The Air Force is nearly tripling the number of jobs eligible for selective re-enlistment bonuses in fiscal 2016.

Airmen in 117 career fields could receive bonuses of as much as $90,000 if they re-enlist. That's far more than the 40 Air Force specialty codes that were eligible for the bonuses in 2015, the Air Force said in a Monday release.

The SRB expansion is proving to be far greater than Brig. Gen. Brian Kelly, director of military force management policy, hinted at in an interview with Air Force Times last November. Kelly then said that airmen in more than 70 career fields would likely be eligible for more than $220 million in re-enlistment bonuses this year.

Most of the jobs eligible for bonuses last year — such as 1A8X1 airborne cryptologic language analysts, 1C2X1 combat control, 1C4X1 Tactical Air Control Party, and 1T2X1 pararescue — remain on the new list. However, the 1N4X1A fusion analyst-digital network analyst career field, which was eligible for re-enlistment bonuses last year, has now been dropped from this year's list. A similar career field — 1N4X1B fusion analyst-analysis and production — is newly added this year.

Also new to the list are jobs such as 1A0X1 in-flight refueling, 1A1X1 flight engineer, 2A3X8A and B remotely piloted maintenance for MQ-1 Predators, MQ-9 Reapers and RQ-4 Global Hawks, and 2M0X2 missile and space systems management.

In the release, the Air Force said the expansion goes hand-in-hand with its plan to fix shortfalls in its nuclear, maintenance, cyber, intelligence, remotely piloted aircraft and support career fields. The Air Force is also trying to grow to meet increasing mission demands, as the service is increasingly tapped to fight the Islamic State in Iraq and Syria, provide air support in Afghanistan, and bolster European allies in the face of a resurgent Russia.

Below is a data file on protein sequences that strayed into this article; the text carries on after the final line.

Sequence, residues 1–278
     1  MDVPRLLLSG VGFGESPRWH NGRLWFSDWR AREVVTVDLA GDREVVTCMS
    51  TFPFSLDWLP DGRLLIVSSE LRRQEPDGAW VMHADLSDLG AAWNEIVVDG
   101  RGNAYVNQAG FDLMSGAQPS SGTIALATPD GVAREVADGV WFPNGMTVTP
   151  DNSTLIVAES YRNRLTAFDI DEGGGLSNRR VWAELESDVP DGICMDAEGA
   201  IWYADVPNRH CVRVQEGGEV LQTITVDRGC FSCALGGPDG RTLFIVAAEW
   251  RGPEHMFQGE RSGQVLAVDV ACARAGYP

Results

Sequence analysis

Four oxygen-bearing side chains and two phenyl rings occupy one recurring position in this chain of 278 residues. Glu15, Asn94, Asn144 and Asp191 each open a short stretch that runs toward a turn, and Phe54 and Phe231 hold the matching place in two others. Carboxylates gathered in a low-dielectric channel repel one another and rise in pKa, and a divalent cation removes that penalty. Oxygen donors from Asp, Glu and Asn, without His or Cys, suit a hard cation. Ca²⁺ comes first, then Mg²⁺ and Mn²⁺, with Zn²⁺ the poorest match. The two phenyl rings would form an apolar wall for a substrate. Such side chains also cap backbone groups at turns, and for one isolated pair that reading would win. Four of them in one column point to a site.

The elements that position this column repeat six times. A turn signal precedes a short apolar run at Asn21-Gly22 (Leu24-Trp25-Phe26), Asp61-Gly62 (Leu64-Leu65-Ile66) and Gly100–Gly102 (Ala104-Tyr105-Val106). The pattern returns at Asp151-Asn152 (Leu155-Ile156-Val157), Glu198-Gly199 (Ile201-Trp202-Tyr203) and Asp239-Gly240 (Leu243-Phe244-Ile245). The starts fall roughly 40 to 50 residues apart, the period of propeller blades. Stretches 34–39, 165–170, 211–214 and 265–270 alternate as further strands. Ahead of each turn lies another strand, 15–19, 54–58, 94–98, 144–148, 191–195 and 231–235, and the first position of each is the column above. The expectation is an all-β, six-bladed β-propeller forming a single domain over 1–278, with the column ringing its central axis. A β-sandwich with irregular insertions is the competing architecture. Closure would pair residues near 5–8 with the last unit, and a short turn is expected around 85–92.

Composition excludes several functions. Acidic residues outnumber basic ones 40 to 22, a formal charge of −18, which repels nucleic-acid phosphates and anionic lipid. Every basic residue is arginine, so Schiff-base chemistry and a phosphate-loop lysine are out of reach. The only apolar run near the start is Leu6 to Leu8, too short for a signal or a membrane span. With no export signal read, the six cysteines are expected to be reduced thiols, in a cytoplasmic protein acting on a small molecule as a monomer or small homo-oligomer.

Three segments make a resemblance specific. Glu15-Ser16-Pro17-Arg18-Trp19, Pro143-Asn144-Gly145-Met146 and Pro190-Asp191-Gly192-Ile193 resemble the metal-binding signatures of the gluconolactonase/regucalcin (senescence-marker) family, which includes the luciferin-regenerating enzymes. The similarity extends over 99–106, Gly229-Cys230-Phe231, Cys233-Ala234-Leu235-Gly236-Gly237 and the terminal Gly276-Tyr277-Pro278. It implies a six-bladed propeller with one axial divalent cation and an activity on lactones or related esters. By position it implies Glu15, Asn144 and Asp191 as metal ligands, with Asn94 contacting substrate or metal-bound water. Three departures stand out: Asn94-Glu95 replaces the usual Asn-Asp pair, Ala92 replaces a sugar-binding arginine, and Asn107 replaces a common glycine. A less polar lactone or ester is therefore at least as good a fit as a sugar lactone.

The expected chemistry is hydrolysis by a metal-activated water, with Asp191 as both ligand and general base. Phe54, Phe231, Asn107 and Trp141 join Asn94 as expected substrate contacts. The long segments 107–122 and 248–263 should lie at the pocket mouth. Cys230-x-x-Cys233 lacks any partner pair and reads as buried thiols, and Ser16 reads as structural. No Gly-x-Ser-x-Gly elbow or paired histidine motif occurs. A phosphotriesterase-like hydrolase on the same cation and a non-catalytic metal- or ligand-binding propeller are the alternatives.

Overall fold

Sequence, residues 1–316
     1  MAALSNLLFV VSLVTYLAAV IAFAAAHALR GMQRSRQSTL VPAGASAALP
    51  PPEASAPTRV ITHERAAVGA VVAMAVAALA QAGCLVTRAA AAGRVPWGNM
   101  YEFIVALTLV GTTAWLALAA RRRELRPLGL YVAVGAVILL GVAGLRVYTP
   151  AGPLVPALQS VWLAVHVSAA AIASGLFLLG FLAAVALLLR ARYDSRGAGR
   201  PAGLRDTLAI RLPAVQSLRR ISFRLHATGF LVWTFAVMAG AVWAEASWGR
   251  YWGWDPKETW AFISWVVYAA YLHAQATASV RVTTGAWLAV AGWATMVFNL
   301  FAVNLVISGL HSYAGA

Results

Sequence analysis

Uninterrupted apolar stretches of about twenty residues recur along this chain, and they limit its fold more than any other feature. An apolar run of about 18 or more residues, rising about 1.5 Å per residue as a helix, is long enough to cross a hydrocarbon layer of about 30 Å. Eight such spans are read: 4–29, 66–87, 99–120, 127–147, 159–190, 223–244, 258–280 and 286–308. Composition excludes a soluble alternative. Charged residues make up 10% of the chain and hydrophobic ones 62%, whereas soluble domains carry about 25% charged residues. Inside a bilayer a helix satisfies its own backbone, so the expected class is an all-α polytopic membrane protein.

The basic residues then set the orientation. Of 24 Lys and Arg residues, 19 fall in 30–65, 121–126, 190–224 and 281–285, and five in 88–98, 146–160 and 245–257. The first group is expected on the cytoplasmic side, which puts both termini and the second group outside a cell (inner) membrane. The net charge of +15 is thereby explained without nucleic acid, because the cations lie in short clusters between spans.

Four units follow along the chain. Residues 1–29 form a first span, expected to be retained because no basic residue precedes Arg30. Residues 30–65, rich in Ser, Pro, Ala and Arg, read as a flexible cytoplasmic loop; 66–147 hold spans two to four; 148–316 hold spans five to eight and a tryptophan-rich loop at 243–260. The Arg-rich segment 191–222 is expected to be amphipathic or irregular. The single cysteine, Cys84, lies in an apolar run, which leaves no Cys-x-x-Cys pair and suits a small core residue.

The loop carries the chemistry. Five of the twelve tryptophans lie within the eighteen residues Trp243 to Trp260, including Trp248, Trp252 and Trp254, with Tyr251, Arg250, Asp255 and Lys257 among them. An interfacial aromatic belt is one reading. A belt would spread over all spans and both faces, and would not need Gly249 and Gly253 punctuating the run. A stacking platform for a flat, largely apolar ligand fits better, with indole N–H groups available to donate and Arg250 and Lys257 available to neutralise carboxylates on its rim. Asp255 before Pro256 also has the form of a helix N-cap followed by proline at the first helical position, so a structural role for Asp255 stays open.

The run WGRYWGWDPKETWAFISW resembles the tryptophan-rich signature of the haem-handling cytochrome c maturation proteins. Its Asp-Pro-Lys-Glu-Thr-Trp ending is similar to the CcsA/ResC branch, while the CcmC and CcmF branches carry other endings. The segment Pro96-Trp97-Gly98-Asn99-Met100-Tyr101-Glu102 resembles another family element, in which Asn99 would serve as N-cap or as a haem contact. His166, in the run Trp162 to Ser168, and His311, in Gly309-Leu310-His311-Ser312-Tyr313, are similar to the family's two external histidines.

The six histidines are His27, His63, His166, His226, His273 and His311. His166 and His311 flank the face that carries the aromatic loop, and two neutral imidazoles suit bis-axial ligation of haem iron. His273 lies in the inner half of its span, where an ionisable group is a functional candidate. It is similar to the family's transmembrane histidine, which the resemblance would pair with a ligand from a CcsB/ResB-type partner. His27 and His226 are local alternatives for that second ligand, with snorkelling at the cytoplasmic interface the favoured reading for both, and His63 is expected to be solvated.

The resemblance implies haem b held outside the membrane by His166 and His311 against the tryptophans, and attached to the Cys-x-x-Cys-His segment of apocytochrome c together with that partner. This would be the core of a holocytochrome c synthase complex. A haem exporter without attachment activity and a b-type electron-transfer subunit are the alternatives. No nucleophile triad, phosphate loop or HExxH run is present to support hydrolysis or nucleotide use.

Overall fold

"This year's SRB list is increased by nearly threefold as we focused on retaining key experience while continuing our deliberate plan to grow our force," Col. Robert Romer, chief of military force policy, said in the release. "We are increasing our accessions and training pipeline to support the increased growth, but these new enlistees won't be seasoned for some time. Retaining the experience we have is critical to our success in reaching target end strength.

Romer said that the Air Force looked at current and projected manning levels, re-enlistment trends, career field force structure changes and stress levels, and costs associated with training new airmen when deciding which career fields should be eligible for bonuses.

The bonus changes went into effect Monday.

The list of eligible jobs can be found here.

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Stephen Losey covers personnel, promotions, and the Air Force Academy for Air Force Times. He can be reached at

Stephen Losey is the air warfare reporter for Defense News. He previously covered leadership and personnel issues at Air Force Times, and the Pentagon, special operations and air warfare at He has traveled to the Middle East to cover U.S. Air Force operations.

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